MERTON D. SIMPSON’S “ENCORE,” A RETROSPECTIVEJune 7, 2011
Pioneering New York African-American painter, art dealer and jazz musician Merton D. Simpson is back (not that he went anywhere). “Encore!” May 17-June 30, 2011, review’s Simpson’s illustrious career via 25 paintings, tribal art and vintage photos, all on view in the Merton D. Simpson Gallery at 38 West 28th Street, reopened after a decade of relative inactivity. Simpson was a member of Spiral, the Harlem art collective founded in 1963 by Romare Bearden, and a friend and colleague of artists in post-war New York ranging from Emma Amos to Robert Motherwell and Willem de Kooning.
The exhibition, organized by gallery director Juliette Pelletier and Karen Tuominen, is designed to put the spotlight on the 82-year-old African art expert, collector and art dealer who is also an accomplished artist and seasoned jazz musician. The exhibition features six decades of work, including new paintings from the never-before-seen “Middle Passage” series, as well as Ab-Ex paintings from the 1950s, tribal-political artworks from the ‘60s and ‘70s, the “Jazz” series from the ‘80s and “Ancestral Improvisations” from the 1990s, collages using tribal hunting cloths.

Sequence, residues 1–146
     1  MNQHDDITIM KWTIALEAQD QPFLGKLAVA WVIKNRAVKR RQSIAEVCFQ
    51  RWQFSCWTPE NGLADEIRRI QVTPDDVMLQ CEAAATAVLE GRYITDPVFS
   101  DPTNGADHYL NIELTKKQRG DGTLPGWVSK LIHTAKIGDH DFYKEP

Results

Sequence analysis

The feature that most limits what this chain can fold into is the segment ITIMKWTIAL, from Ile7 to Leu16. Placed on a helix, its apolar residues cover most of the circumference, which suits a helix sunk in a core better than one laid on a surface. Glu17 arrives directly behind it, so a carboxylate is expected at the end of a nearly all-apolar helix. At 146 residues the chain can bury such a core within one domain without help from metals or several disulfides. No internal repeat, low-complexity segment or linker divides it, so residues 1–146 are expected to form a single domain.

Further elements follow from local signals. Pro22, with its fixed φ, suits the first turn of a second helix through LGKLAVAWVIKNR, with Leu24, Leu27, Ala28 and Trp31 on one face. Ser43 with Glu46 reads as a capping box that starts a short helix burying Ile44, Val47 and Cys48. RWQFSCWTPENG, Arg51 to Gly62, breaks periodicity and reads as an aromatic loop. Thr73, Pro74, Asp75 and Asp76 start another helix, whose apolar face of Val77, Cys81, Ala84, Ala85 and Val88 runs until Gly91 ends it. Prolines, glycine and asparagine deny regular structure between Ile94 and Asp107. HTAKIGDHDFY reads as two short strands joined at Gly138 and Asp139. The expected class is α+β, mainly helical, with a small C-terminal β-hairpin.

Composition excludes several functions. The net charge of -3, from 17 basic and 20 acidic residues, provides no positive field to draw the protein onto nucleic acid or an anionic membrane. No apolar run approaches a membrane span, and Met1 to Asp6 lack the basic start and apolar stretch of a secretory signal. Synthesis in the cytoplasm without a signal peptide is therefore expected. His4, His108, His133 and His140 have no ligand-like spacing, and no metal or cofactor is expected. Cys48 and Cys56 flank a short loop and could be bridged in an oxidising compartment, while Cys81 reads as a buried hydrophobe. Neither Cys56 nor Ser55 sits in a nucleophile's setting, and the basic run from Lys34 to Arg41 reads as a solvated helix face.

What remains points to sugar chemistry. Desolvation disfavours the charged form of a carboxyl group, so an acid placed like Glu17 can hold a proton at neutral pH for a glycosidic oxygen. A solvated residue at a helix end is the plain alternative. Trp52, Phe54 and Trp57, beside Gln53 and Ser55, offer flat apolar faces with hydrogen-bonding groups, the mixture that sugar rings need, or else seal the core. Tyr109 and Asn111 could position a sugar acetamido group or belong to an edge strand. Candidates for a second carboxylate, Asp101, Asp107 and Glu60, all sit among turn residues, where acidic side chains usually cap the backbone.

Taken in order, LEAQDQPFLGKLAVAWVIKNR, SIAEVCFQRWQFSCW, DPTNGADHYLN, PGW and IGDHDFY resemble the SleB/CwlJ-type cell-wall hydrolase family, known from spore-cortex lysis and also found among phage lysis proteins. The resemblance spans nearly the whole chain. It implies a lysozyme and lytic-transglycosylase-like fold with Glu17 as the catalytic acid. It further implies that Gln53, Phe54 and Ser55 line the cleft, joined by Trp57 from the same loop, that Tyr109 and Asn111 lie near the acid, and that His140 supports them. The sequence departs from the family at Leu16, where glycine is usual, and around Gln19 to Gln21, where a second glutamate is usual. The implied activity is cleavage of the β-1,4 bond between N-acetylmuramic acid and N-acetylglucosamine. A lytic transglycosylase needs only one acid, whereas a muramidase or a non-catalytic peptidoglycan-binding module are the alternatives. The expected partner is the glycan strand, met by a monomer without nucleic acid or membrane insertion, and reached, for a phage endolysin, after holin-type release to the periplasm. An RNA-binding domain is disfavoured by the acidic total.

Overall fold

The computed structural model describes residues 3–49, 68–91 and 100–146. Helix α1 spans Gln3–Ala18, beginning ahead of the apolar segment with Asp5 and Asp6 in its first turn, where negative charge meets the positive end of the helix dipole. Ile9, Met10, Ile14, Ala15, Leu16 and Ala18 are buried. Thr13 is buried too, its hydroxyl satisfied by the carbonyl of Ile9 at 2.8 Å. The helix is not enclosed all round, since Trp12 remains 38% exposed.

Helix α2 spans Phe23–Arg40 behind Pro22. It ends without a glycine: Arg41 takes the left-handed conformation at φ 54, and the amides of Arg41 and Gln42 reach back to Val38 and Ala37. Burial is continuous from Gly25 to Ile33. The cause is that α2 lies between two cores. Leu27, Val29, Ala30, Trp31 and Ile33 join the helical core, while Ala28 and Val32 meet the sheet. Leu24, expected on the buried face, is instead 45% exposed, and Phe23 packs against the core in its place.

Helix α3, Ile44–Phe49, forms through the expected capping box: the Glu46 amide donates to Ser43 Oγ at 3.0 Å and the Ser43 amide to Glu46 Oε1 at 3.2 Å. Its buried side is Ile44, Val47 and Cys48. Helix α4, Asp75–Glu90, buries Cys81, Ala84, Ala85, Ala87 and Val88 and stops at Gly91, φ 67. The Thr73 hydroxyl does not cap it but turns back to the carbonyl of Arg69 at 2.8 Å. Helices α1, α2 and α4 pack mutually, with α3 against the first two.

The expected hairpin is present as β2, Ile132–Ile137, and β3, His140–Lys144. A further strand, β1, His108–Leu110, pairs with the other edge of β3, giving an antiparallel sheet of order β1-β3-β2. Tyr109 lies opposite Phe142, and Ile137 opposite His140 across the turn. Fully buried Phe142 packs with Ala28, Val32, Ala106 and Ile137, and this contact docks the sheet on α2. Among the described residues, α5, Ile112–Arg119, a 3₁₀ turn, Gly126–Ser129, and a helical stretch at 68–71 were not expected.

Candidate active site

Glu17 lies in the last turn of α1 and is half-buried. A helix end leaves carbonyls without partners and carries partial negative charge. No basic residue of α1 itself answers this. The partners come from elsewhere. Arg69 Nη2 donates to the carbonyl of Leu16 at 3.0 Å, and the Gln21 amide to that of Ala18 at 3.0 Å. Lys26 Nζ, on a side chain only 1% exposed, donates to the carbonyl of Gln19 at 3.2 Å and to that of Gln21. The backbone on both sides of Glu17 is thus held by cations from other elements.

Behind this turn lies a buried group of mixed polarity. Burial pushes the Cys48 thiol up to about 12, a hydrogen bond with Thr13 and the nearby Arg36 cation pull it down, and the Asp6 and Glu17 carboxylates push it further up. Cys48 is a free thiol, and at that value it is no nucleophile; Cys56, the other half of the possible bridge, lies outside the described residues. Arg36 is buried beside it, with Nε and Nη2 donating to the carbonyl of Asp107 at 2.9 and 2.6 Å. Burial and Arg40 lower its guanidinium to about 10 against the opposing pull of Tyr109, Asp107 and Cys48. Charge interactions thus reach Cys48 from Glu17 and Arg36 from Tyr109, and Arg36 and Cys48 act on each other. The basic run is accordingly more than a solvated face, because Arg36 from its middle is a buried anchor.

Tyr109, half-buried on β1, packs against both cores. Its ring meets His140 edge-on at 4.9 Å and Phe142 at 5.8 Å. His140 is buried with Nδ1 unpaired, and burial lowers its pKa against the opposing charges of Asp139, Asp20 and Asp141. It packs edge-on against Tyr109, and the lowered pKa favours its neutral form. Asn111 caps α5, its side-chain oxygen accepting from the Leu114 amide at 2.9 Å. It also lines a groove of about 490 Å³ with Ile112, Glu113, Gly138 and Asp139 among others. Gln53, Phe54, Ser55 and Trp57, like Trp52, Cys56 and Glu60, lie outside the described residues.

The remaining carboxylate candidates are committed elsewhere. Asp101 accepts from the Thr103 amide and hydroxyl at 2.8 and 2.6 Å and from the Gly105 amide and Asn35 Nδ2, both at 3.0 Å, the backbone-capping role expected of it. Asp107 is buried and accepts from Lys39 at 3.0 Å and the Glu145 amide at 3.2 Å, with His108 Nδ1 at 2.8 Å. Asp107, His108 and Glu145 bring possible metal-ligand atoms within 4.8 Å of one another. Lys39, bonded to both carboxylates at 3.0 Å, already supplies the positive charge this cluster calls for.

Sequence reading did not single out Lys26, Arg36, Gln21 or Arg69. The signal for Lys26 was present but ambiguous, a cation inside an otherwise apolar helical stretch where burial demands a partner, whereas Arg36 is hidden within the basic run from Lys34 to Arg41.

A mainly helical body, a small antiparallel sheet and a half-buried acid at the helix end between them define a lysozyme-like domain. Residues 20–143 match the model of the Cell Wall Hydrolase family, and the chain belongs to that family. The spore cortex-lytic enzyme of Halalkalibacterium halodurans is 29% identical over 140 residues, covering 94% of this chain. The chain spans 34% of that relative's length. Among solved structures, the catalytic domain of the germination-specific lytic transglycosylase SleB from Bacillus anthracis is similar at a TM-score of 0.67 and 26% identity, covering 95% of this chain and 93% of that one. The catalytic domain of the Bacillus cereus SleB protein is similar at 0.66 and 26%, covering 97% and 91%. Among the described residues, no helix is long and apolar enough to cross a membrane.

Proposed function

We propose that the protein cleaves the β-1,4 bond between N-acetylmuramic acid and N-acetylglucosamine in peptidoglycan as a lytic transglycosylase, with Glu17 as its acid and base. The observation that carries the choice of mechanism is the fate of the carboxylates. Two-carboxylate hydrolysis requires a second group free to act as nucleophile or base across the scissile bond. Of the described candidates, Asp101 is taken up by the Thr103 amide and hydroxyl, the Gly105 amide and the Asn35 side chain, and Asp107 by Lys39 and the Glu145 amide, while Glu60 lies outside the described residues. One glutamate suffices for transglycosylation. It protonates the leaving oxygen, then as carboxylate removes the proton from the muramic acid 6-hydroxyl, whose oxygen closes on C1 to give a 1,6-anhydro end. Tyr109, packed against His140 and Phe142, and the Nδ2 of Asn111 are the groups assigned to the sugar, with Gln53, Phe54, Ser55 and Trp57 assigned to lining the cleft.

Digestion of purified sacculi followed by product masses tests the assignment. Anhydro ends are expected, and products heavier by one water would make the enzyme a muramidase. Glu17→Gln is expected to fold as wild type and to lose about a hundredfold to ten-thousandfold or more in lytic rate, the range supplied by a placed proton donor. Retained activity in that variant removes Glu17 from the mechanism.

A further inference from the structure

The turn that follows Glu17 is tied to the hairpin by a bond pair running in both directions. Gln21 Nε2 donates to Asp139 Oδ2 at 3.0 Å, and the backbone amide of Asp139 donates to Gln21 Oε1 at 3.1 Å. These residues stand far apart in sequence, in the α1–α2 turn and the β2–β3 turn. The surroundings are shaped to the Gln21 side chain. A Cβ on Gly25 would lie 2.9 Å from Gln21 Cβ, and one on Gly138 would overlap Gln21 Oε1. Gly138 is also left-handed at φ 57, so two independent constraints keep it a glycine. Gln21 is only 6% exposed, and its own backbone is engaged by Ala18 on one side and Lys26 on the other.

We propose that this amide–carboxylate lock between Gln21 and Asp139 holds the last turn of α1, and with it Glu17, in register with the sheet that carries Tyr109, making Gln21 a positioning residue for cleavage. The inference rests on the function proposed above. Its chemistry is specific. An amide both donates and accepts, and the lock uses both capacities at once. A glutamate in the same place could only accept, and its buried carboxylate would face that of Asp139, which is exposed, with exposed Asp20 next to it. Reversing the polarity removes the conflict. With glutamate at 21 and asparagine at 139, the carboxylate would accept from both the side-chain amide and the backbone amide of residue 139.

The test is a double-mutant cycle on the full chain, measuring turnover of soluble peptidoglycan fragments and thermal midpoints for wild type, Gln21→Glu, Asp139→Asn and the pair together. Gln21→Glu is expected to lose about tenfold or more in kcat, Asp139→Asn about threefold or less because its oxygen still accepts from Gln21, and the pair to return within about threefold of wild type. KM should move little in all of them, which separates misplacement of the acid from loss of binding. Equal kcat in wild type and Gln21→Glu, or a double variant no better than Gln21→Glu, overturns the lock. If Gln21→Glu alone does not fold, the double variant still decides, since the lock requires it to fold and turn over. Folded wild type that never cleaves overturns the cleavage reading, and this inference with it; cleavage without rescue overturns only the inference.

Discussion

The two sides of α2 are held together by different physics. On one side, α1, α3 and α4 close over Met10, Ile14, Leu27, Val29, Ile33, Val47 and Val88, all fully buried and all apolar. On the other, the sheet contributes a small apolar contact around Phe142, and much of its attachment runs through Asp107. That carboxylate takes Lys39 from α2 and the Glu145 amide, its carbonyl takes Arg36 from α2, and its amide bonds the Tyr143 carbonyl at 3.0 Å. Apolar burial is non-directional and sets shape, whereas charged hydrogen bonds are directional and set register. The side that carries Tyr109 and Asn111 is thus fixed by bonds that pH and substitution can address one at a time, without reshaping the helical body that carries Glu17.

Simpson was a lifelong portraitist as well, since stint in the early 1950s as an official Air Force artist, when he painted a portrait of Dwight D. Eisenhower, now in the Pentagon art collection. His portrait subjects have also included Kofi Annan, Spike Lee and Oprah Winfrey. In 1984, he painted a portrait of the Reverend Daniel Jenkins, founder of the famed Jenkins Orphanage Band (whose members included Louis Armstong, Duke Ellington and Simpson himself), which now hangs in Charleston’s City Hall.
Merton’s paintings can be had for prices ranging from $7,000 to $60,000. The show has snagged at least one major museum acquisition (tba later), and the Studio Museum in Harlem is borrowing three works for its new exhibition, "Spiral: Perspectives on an African-American Art Collective," July 14-Oct. 23, 2011.